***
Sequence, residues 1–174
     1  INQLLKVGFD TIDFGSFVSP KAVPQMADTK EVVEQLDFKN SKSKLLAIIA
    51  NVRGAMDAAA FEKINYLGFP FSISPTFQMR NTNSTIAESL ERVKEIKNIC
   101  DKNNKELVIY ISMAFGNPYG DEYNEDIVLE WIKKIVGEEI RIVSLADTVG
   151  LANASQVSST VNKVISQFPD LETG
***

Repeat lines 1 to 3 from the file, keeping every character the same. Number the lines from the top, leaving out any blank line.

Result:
Sequence, residues 1–174
     1  INQLLKVGFD TIDFGSFVSP KAVPQMADTK EVVEQLDFKN SKSKLLAIIA
    51  NVRGAMDAAA FEKINYLGFP FSISPTFQMR NTNSTIAESL ERVKEIKNIC